3 Ideas For Wearing A Mask With A Beard

Everyday life all over the world has been turned upside down.

The coronavirus pandemic has forced a new way of living for people everywhere. One of the more visible adjustments: The call for everyone to wear masks in public places to help prevent COVID-19 virus from spreading.

The Center for Disease Control recommends wearing masks in public when you’re with people you don’t live with - especially when it’s difficult to keep 6 feet away from others. The idea is two-fold: Masks might prevent infected people from spreading the virus, and the wearer from being exposed to it. 

If worn properly, masks can be one of the biggest forces in preventing the spread of the virus. That becomes a challenge if the wearer has facial hair, though.

  1. Ensure a snug fit

For all forms of masks, a tight fit to your face is essential to effectively protect yourself and others. That means no gaps, on your cheeks, across your nose, and on your chin, jaw, and upper lip.
The CDC released a graphic that outlines just about every form of facial hair imaginable. The chart shows a green checkmark or red x, depending on how effective a mask would be with that style of facial hair. Although debate still rages on, it appears that a clean-shaven face is likely the easiest way to ensure a fit for men.

Bottom line: If your facial hair can be contained in your mask - without causing gaps - a mask can be an effective way of protecting yourself and others.

  1. Don’t touch your beard!

One advantage mask wearers get indirectly: Less face-touching.
Beard wearers, though, often touch their beards more often than their bare-faced counterparts. Avoid touching parts of your beard when you’re wearing a mask in public. If it’s exposed, it’s subject to collecting germs and viruses just as your mask does.
In normal times, this is no problem. And if you’re proud of your beard, you definitely want to show it some love. During a global pandemic, however, things are different. Just as you shouldn’t touch the outside of your mask or any part of your face - bearded or not - it’s good practice right now to leave the beard appreciation to times you’re not masked - especially after you’ve de-masked, and washed your face and hands.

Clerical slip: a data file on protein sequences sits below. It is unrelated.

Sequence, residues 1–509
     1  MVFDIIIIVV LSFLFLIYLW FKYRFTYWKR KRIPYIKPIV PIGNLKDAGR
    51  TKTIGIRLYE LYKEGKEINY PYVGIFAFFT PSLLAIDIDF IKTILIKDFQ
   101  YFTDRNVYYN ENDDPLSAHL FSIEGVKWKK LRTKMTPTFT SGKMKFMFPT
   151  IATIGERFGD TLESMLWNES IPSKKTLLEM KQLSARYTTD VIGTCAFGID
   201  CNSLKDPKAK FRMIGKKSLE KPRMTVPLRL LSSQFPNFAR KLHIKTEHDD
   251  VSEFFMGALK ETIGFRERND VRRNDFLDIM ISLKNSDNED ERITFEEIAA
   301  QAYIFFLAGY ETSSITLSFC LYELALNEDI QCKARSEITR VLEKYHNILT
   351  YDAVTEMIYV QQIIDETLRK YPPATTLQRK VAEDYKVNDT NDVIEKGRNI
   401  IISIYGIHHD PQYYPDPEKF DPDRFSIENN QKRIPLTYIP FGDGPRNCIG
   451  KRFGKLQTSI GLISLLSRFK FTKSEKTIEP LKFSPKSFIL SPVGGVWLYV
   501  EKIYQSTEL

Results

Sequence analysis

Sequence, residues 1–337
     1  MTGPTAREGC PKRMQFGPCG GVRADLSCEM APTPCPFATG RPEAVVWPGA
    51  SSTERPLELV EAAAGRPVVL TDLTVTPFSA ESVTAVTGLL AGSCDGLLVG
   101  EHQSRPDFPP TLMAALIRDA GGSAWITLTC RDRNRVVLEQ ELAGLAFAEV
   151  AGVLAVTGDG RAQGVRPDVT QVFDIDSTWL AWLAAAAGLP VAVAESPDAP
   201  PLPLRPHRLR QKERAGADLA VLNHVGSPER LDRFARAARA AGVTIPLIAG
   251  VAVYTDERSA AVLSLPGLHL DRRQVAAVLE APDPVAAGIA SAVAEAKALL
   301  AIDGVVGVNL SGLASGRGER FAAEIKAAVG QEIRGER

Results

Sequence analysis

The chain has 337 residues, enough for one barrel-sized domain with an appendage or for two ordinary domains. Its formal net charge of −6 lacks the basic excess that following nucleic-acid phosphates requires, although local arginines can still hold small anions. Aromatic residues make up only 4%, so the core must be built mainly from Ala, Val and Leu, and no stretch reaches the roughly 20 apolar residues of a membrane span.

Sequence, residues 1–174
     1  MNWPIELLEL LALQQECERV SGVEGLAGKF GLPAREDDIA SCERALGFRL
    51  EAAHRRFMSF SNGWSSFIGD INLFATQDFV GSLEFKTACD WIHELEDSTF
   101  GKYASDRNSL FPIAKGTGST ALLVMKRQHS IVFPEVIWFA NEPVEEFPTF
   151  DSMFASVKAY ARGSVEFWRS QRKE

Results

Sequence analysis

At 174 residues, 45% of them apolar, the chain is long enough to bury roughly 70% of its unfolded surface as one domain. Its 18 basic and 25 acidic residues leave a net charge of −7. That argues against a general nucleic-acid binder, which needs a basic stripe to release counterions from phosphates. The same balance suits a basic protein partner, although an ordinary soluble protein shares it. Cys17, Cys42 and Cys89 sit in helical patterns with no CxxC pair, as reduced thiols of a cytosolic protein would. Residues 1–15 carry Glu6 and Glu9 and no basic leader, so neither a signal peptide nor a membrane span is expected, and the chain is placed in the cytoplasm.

1. Shave it

We know - for many men, facial hair is part of their personality. Whether it’s a soul patch, mutton chops, goatee, or even classic handlebars, the beard often becomes man’s best friend. But for the sake of the greatest fit in your mask, it might be time to clip your way to a new look. For now.
The CDC isn’t recommending men shave in all instances, however. Medical personnel, or others wearing specially-made PPE (personal protective equipment) need that tight seal to their face because of their conditions and work. Other cloth or paper masks don’t require the seal, but do work more effectively if gaps are eliminated. Frequently washing your beard can help as a hygienic measure for fighting coronavirus, too.

You don’t even have to go full-on beardless for this. You can:
    • Shave a goatee into a soul patch
    • Trim mutton chops down to side whiskers
    • Reduce a full beard to a zappa-style look
    • Cut that extended goatee into a walrus-style moustache

The questions we must face

With varying advice on keeping a beard while the world must mask-up, it comes down to a personal decision. 

For some, facial hair is a means of expressing personality. For others, there is religious significance. And for a rare few - players on the New York Yankees baseball club - facial hair is forbidden. 

No single method is 100% for preventing COVID-19 contraction or spread. However, diligent use of a mask in public, plus hand-washing and other measures - such as not touching your face and discarding disposable masks with as little contact with the outside of it as possible - can go a long way to that end.

Get your masks today

It’s uncertain how long the pandemic will last. Mask wearing will remain a part of human life for the foreseeable future. Now, you can buy high-quality, disposable masks from a manufacturer right here in the U.S.: United Sewing Automation. Manufactured in Mt. Airy, N.C., USA masks are 3-ply for added protection. Save when you buy masks in bulk, too. Check out your options today.



Sources: Center for Disease Control

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